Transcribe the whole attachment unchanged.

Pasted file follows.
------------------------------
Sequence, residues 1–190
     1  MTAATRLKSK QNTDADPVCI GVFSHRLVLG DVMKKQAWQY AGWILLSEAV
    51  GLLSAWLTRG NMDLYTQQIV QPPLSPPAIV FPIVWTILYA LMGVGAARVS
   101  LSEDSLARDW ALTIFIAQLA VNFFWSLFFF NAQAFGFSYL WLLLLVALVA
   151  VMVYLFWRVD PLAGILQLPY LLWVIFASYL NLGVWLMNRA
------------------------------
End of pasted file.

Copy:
Sequence, residues 1–190
     1  MTAATRLKSK QNTDADPVCI GVFSHRLVLG DVMKKQAWQY AGWILLSEAV
    51  GLLSAWLTRG NMDLYTQQIV QPPLSPPAIV FPIVWTILYA LMGVGAARVS
   101  LSEDSLARDW ALTIFIAQLA VNFFWSLFFF NAQAFGFSYL WLLLLVALVA
   151  VMVYLFWRVD PLAGILQLPY LLWVIFASYL NLGVWLMNRA